The Creeks and Rivers of the IntraCoastal
Only about 8-10 miles distant from the
St. Johns river is the Indian
River Lagoon System, also known
as part of the Intracoastal Waterway.
It is made up of the Indian
river and all the inlets, creeks and rivers that feed into it.
From the east, salt water from the Atlantic
flows through several inlets, and from the west fresh water
flows towards the sea. It makes for a briney water, with different
plants and wildlife than I am used to seeing.
I got a kayak first, then Judy and other
girlfriends got interested and started getting boats and paddling
too. Now I spend every weekend I can out in the kayak, with
or without other paddlers!
The creeks and rivers we ride are typically
narrow and winding, with incredible scenery - and often a manatee
or dolphin encounter.
Let me show you some of the
various places we have explored, and give you some info on
where to launch and what to look for....
the first creek I every kayaked in my own boat, it remains
my favorite. There are different parts to the ride that make
it interesting and beautiful, and my very best manatee encounters have been there.
Honest Johns - I brought my own boat and friends rented
kayaks here so we could paddle around the intracoastal to see how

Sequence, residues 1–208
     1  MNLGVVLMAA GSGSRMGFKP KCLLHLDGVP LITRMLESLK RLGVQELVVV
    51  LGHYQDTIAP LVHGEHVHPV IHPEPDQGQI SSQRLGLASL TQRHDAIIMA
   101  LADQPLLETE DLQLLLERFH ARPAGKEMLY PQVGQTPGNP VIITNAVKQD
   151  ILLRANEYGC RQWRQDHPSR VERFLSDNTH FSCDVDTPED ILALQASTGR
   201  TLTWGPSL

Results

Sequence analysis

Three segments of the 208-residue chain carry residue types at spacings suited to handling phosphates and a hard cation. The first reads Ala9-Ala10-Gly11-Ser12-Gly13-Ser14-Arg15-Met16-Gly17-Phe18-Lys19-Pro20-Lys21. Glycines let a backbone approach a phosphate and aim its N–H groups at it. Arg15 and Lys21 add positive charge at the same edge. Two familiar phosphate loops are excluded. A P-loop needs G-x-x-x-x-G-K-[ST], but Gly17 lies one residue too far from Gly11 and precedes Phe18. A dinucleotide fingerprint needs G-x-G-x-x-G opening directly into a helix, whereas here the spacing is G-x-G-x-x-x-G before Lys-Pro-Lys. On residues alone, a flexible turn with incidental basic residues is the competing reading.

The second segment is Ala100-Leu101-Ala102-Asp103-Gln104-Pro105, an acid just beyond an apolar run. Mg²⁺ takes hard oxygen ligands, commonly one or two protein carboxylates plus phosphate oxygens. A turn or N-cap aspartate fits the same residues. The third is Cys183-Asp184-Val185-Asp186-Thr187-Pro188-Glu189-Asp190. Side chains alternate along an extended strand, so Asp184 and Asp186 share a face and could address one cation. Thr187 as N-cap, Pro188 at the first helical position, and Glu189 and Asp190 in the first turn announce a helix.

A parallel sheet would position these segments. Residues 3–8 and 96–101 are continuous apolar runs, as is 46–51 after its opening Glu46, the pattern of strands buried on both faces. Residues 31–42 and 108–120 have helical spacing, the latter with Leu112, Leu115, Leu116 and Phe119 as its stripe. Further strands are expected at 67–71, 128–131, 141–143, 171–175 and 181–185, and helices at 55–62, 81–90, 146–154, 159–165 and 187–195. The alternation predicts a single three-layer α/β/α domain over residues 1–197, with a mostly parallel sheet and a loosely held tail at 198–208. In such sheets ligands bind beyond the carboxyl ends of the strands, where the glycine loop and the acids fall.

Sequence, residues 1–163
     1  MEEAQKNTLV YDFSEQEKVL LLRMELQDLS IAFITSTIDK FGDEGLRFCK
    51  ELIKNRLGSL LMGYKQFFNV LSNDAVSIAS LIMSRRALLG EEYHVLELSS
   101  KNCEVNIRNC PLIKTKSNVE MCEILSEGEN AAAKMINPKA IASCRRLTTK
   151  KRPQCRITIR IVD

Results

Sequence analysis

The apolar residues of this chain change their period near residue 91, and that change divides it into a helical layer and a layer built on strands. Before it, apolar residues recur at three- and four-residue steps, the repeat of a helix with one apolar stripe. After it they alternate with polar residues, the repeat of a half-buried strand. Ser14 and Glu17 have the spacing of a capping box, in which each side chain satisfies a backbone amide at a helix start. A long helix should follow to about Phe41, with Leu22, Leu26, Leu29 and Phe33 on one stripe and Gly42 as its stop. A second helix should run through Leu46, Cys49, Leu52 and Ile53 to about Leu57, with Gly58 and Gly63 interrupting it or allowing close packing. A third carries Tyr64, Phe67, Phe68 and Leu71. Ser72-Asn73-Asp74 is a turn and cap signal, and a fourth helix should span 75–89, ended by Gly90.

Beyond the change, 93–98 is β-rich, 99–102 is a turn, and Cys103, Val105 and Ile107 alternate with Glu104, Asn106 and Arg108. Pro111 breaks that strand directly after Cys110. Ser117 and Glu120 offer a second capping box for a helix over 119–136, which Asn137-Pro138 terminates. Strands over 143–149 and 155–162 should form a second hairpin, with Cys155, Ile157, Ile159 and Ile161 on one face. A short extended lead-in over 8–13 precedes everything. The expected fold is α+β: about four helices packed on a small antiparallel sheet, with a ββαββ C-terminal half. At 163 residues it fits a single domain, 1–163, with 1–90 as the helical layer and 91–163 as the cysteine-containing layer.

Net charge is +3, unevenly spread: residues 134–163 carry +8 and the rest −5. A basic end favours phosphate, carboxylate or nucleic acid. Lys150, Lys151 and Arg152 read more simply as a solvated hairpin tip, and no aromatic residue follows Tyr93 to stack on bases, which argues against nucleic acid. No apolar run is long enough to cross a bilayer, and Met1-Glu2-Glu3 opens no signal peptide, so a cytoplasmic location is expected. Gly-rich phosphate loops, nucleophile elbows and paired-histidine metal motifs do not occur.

they liked kayaking.
Eau Gallie River - lots
of opportunity for adventure! You start off in salt water at
the edge of the Indian River, heading east through the marina,
then you can go north or south. North you can stop at the dam,
or port your kayak over for another pretty ride. If you go
South there are two short branches to explore.
Turkey Creek - this can
be a long ride for a beginner, and you have to paddle against
a strong current after a heavy rain, but absolutely beautiful.
Expect to see lots of turtles, and if you're lucky, manatee.
Goat Creek - heavenly. Just
heavenly. There are more flowers along this creek than any
other I've kayaked, and some scenic spots you just wouldn't
believe. For the brave, there is a totally wild portion at
the end, but you must be willing to paddle through some tight
Picnic Island - right off
the shore from the opening to Goat Creek is a small spoil island.
We like to take the dogs there to get out and run, and it's
nice to walk in the shallows and enjoy the scenery.
Thousand Islands - paddle
through tunnels of Mangroves, see stingrays in the shallow
waters, and watch manatee feed along the edges. See a Rosy
Spoonbill in a quiet lagoon. Take someone with you who will
lead the way through spider webs.
River - we haven't
kayaked the Sebastian River yet, but here is a trip we took
on a tour boat. It is wild and beautiful, and I look forward
to kayaking it someday soon!